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Geochemistry of subsurface Late Quaternary ironstones in Rajshahi and Bogra Districts, Bangladesh: implications for genetic and depositional conditions

  • Md. Sazzadur Rahman
  • Ismail HossainEmail author
  • Pradip Kumar Biswas
  • Md. Abdur Rahim
  • A. S. M. Mehedi Hasan
  • Md. Ibrahim Adham
Original Article
  • 47 Downloads

Abstract

The present study deals with the geochemistry of Late Quaternary ironstones in the subsurface in Rajshahi and Bogra districts, Bangladesh with the lithological study of the boreholes sediments. Major lithofacies of the studied boreholes are clay, silty clay, sandy clay, fine to coarse grained sand, gravels and sands with (fragmentary) ironstones. The ironstones contain major oxides, Fe2O3* (* total Fe) (avg. 66.6 wt%), SiO2 (avg. 15.3 wt%), Al2O3 (avg. 4.0 wt%), MnO (avg. 7.7 wt%), and CaO (avg. 3.4 wt%). These geochemical data imply that the higher percentage of Fe2O3* along with Al2O3 and MnO indicate the ironstone as goethite and siderite, which is also validated by XRD data. A comparatively higher percentage of SiO2 indicates the presence of relative amounts of clastic quartz and manganese-rich silicate or clay in these rocks. These ironstones also have significant amounts of MnO (avg. 7.7 wt%) suggesting their depositional environments under oxygenated condition. Chemical data of these ironstones suggest that the source rock suffered deep chemical weathering and iron was mostly carried in association with the clay fraction and organic matter. Iron concretion was mostly formed by bacterial build up in swamps and marshes, and was subsequently embedded in clayey mud. Within the coastal environments, the water table fluctuates and goethite and siderite with mud and quartz became dry and compacted to form ironstone.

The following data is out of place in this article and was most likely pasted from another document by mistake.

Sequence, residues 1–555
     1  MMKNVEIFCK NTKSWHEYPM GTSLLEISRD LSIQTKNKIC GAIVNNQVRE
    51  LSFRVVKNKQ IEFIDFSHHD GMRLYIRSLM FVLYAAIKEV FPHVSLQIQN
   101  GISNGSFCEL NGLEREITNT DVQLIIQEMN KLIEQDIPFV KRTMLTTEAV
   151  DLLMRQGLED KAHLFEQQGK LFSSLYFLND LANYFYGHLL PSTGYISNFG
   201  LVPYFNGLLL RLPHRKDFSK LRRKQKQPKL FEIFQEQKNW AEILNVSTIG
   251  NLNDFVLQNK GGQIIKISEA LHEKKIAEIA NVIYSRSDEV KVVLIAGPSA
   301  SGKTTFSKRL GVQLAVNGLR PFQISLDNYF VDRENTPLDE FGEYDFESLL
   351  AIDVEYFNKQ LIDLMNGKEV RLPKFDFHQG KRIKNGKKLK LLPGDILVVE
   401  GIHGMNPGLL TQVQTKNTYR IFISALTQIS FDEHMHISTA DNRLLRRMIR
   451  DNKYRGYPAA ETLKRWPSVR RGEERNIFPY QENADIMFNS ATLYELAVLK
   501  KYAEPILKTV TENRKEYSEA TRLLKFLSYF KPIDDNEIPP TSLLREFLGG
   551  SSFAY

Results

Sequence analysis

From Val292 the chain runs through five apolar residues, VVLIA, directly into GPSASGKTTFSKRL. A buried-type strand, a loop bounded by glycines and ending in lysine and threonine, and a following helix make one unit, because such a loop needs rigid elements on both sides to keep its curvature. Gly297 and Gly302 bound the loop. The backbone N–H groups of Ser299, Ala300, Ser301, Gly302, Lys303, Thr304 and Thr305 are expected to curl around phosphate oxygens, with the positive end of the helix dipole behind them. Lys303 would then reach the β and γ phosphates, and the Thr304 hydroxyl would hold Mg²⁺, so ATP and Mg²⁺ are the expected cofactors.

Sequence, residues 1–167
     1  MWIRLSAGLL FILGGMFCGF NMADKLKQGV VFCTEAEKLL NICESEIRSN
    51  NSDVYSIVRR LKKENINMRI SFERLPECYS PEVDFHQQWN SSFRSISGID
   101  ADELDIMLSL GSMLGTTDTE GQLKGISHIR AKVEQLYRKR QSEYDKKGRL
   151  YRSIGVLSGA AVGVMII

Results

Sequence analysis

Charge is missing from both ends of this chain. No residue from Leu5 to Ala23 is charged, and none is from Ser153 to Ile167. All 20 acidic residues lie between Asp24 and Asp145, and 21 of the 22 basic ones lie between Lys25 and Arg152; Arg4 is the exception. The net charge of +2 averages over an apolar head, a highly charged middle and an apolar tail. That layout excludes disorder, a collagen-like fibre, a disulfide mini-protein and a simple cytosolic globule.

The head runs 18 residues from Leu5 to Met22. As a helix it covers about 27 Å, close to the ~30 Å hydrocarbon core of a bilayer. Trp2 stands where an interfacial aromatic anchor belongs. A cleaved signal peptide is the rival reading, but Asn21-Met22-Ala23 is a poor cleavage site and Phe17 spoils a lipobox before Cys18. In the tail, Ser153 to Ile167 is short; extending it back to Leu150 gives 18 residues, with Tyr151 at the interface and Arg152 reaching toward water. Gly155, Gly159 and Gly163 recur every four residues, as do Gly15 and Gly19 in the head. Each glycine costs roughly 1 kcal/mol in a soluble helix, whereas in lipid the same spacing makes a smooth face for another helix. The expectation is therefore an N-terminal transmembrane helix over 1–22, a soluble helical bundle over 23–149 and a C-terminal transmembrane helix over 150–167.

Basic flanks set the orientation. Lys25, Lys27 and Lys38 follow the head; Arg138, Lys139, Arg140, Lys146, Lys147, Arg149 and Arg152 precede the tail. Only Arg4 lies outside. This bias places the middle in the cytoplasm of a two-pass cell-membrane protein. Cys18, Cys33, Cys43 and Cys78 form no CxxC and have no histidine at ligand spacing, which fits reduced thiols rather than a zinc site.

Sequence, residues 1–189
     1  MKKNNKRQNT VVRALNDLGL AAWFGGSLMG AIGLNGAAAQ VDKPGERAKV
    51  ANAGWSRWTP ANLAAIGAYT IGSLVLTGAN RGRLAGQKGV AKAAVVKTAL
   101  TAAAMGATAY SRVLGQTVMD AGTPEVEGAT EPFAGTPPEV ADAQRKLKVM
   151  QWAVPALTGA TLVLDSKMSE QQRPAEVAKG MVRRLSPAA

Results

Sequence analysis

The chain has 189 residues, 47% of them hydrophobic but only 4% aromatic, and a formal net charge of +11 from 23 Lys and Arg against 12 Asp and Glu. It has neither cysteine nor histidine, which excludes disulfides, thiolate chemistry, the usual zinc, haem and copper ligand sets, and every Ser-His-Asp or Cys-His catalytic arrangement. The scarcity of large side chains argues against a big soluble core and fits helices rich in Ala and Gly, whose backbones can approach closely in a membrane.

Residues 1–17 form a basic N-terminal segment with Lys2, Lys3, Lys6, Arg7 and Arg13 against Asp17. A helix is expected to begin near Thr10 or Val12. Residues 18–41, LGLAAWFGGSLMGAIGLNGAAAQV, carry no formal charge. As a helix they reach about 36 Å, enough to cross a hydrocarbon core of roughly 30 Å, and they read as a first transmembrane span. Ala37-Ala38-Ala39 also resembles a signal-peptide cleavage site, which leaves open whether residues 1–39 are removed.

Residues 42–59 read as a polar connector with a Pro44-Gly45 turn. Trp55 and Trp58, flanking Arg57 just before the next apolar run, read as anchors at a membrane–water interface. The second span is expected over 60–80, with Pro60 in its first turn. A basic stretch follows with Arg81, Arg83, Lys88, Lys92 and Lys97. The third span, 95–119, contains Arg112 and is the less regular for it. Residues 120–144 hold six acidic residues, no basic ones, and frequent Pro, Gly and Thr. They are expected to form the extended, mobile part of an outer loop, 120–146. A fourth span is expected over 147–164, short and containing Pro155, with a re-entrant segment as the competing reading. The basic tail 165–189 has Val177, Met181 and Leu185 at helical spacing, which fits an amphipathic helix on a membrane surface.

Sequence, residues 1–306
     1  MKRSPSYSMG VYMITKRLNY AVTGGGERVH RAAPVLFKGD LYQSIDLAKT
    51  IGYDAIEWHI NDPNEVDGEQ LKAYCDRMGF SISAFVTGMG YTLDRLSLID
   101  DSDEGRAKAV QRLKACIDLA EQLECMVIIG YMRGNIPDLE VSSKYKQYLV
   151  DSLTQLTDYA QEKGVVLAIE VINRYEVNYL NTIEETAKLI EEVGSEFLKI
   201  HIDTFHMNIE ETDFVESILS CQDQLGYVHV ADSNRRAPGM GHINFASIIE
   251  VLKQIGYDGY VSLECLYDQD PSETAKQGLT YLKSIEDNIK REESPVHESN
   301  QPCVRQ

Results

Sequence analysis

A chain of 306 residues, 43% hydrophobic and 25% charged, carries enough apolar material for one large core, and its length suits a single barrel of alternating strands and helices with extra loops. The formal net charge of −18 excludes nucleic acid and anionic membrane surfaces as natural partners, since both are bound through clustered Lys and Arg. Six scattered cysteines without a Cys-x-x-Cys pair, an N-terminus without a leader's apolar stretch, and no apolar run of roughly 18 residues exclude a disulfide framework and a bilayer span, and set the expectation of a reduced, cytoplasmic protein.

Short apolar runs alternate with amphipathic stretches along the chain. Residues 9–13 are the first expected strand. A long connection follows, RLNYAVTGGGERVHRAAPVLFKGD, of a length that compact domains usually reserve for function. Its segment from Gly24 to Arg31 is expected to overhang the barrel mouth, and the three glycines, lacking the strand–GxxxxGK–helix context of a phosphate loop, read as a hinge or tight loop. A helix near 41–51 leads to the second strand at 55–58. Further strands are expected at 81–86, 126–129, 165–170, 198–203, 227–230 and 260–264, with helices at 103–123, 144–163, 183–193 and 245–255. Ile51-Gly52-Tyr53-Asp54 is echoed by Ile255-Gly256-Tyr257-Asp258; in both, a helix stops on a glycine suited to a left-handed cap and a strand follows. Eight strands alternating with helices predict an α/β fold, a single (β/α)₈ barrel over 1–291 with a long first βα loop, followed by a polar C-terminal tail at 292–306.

Keywords

Ironstone Geochemistry Goethite Siderite Bangladesh 

Notes

Acknowledgements

The authors woud like to thank the Director, Institute of Mining, Mineralogy and Metallurgy (IMMM), Joypurhat, Bangladesh for his cordial support to us carrying out our geochemical and mineralogical analyses using XRF and XRD in the IMMM laboratory. The authors are grateful to Prof. S. Kabir for his effective proofreading of the manuscript and special thanks to M.A. Rahman for his kind support. We are also grateful to F.H. Tobia and an anonymous reviewer for their constructive reviews and comments.

Supplementary material

11631_2018_310_MOESM1_ESM.jpg (1.3 mb)
Supplementary material 1 (JPEG 1359 kb)

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Copyright information

© Science Press and Institute of Geochemistry, CAS and Springer-Verlag GmbH Germany, part of Springer Nature 2019

Authors and Affiliations

  1. 1.Department of Geology and MiningUniversity of RajshahiRajshahiBangladesh
  2. 2.Institutes of Mining, Mineralogy and Metallurgy (IMMM)BCSIRJoypurhatBangladesh
  3. 3.Department of Disaster Resilience and EngineeringPatuakhali Science and Technology UniversityDumki, PatuakhaliBangladesh

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